(749e) An Overview and Evaluation of Approaches for Online Process Optimization | AIChE

(749e) An Overview and Evaluation of Approaches for Online Process Optimization


Krishnamoorthy, D. - Presenter, Harvard John A. Paulson School of Engineering and
Skogestad, S., Norwegian University of Science and Technology
Foss, B., Norwegian University of Science and Technology
This paper discusses approaches to online process optimization, where the objective is usually to minimize an economic cost. In many process control application, traditional real-time optimization (RTO) uses nonlinear steady-state process models to compute the optimal setpoint at steady state operation. The most common approach to RTO is the so-called, two-step model-adaptation approach, where the static model used in the optimization is first updated using measurement data and the updated model is then used to re-compute the new optimal setpoints.

However, traditional RTO faces some challenges, which limits its industrial use, including (in expected order of importance):

  1. Cost of developing and updating the model structure (offline update of the model),
  2. Model uncertainty, including uncertain values of disturbances and parameters and structural uncertainty (online update of the model),
  3. Frequent grade changes, which makes steady-state optimization less relevant,
  4. Dynamic limitations, including infeasibility due to dynamic constraint violation.

It would seem that reason 2, 3, and 4 suggests towards dynamic RTO. However, except for processes with frequent grade changes (reason 3), static optimization may be close to economic optimum, at a much lower computational cost. In a recent review paper on current practice of RTO [1], it was noted that the fundamental limiting factor of RTO implementation is the steady-state wait time associated with the online update of the model (reason 2). Since only static models are used, the model adaptation step must be carried out using measurements that corresponds to steady-state operation. If the process is frequently subject to disturbances or if the settling times are too long, this can lead to the plant being operated in transients for significant periods. With the lack of sufficient steady-state measurements, the model is not updated frequently. Consequently, the plant is operated sub-optimally for long periods. Many commercially available steady-state detection methods may also falsely accept transient data as steady state data as demonstrated in [2] using a real industrial example.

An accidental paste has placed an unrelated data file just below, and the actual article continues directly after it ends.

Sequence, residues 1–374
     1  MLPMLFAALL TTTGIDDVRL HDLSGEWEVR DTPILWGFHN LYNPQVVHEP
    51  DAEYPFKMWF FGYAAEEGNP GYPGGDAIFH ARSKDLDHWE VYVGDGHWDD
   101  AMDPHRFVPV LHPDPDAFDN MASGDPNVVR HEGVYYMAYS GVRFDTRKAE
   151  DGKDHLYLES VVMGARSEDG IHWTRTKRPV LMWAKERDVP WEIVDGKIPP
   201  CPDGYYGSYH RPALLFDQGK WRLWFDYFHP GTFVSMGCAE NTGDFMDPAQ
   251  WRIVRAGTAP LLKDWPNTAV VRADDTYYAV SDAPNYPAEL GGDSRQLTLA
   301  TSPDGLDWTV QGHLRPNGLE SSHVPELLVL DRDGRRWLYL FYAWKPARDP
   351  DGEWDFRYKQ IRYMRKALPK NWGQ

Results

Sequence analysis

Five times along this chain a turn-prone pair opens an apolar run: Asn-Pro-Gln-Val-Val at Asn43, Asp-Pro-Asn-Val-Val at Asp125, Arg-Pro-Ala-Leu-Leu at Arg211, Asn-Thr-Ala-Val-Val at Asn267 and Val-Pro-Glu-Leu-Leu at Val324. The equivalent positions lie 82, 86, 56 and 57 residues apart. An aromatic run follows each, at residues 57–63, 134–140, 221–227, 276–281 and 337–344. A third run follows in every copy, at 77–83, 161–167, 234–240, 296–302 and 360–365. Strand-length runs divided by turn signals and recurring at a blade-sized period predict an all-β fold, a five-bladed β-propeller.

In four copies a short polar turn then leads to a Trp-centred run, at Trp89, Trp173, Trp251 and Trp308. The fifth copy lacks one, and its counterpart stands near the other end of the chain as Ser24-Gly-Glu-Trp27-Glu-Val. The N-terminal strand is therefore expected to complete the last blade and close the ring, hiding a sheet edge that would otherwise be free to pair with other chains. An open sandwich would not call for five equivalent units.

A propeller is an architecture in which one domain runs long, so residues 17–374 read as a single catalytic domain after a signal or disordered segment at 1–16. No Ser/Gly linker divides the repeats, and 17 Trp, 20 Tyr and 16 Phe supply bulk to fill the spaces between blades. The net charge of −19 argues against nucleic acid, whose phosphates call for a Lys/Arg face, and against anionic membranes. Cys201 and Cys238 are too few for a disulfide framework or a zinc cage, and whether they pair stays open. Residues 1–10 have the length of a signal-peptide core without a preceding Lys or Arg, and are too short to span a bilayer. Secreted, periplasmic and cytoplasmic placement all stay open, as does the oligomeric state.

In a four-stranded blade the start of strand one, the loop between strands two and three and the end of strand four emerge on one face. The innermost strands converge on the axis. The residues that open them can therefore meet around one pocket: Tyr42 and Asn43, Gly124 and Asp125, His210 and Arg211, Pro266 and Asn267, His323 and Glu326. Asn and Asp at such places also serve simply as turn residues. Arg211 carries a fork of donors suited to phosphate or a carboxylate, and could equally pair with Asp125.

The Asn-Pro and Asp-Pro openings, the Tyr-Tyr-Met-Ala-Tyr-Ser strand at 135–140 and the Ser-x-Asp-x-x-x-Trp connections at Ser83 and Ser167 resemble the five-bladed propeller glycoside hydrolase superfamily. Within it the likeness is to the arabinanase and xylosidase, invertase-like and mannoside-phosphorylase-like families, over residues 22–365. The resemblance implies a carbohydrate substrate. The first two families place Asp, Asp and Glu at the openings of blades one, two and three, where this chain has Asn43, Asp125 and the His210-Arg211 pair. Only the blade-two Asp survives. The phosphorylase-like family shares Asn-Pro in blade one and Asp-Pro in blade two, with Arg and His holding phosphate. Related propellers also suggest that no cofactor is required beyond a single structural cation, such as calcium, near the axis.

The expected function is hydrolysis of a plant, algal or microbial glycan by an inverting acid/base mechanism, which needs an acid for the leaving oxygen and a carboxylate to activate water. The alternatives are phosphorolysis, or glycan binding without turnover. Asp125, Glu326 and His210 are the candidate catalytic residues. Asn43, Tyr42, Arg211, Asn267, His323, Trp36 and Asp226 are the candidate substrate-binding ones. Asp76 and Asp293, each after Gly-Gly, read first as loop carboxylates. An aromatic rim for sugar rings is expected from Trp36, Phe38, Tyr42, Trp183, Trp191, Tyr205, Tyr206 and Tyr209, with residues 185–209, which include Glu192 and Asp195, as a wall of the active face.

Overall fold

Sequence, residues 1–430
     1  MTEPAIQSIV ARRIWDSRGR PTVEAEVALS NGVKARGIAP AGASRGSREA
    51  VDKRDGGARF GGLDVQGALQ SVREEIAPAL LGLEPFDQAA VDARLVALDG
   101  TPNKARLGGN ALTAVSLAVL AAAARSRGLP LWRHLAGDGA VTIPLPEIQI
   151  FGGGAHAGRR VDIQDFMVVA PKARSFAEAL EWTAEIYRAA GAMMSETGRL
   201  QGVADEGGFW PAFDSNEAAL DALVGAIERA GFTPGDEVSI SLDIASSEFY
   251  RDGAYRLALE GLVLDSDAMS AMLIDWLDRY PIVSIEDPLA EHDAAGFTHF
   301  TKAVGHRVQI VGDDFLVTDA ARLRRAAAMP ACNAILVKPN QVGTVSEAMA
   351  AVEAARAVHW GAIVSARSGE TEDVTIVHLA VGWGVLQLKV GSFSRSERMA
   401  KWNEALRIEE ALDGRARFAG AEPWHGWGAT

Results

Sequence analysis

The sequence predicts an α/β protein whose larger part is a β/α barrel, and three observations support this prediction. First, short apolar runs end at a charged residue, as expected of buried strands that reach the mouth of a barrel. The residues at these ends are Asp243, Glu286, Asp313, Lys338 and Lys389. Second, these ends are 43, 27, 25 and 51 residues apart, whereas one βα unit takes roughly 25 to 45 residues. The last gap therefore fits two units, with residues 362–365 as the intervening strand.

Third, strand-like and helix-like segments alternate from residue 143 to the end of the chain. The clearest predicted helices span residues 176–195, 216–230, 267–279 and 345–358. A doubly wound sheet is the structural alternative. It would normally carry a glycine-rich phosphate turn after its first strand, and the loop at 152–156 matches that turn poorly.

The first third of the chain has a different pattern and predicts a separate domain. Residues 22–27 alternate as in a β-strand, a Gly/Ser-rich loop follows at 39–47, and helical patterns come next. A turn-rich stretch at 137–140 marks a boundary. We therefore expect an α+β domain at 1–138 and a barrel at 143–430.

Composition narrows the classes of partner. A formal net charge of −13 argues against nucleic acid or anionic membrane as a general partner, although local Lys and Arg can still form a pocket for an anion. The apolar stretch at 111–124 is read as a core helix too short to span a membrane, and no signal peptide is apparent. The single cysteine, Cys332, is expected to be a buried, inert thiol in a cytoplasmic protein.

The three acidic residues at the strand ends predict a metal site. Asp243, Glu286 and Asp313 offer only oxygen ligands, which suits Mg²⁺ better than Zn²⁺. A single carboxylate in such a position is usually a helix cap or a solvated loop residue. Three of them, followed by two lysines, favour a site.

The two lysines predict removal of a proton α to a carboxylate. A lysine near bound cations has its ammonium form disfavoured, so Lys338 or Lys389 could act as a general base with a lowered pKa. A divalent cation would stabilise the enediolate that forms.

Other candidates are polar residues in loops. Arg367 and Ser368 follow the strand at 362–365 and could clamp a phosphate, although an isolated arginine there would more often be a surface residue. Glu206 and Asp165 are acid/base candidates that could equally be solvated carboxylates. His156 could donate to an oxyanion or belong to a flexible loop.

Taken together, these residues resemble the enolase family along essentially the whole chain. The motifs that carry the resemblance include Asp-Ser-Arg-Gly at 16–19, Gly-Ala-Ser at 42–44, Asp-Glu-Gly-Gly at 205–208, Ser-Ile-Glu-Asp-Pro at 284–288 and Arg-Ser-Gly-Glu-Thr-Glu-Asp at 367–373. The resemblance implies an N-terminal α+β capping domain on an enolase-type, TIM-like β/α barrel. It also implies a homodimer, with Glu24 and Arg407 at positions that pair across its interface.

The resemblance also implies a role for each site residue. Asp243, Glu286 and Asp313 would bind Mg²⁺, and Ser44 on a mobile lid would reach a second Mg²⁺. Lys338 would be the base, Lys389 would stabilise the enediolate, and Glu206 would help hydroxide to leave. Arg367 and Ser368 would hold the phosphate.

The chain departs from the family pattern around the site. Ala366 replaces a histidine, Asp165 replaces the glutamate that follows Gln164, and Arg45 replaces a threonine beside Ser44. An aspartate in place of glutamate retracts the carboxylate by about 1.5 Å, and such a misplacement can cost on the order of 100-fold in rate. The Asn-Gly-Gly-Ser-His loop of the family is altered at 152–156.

On the other hand, dynamic RTO uses dynamic models for model adaptation and the updated dynamic model is used to solve a dynamic nonlinear optimization problem online. However, the main implementation issue with DRTO today is the computational cost, as noted in [3].

In this preseantaion, a number of alternative approaches are discussed, given here in the order from most complex (and model-based) to most simple (and data based):

  1. Economic (nonlinear) model predictive control (EMPC)
  2. Dynamic real-time optimization (DRTO)
  3. Hybrid RTO - Steady-state RTO with dynamic model update (new method)
  4. Feedback-based Hybrid RTO (new method)
  5. Conventional steady-state RTO
  6. Self-optimizing control
  7. Extremum seeking control, and similar feedback approaches based on measuring the cost such as NCO tracking and hill-climbing.

Except possibly for EMPC, the optimizer sends setpoints to a control layer, which could be a PID layer or MPC. Dynamic stability issues (reason4) are then handled by the lower control layer.

In the conventional steady-state RTO, one must wait for the process to reach steady-state before updating the model using "data reconciliation". In the hybrid RTO approach, we solve the same steady-state optimization problem as in traditional Steady-state RTO, but instead of a steady-state model update, we use dynamic model adaptation with the use of transient measurements, for example, using an extended Kalman Filter. This avoids the steady-state wait time.

In the feedback-based hybrid RTO approach, we don't solve the steady-state optimization problem numerically as in conventional RTO, but instead the steady-state gradient is estimated by linearizing the nonlinear dynamic model around the current operating point. The gradient is controlled to zero using standard feedback controllers, for example, a PI-controller. In case of disturbances, the proposed method is able to adjust quickly to the new optimal operation. The advantage of the feedback RTO strategy compared to standard steady-state real-time optimization is that it reaches the optimum much faster and without the need to wait for steady-state to update the model. The advantage compared to dynamic RTO and the closely related economic NMPC, is that the computational cost is much reduced and the tuning is simpler. It is significantly faster than classical extremum-seeking control and does not require the measurement of the cost function and additional process excitation. We compare the performance of different RTO approaches using several simulation case studies.


  1. Darby ML, Nikolaou M, Jones J, Nicholson D. RTO: An overview and assessment of current practice. Journal of Process Control. 2011 Jul 1;21(6):874-84.
  2. Câmara MM, Quelhas AD, Pinto JC. Performance Evaluation of Real Industrial RTO Systems. Processes. 2016 Nov 22;4(4):44.
  3. Campos MC, Teixeira H, Liporace F, Gomes M. Challenges and problems with advanced control and optimization technologies. IFAC Proceedings Volumes. 2009 Jan 1;42(11):1-8.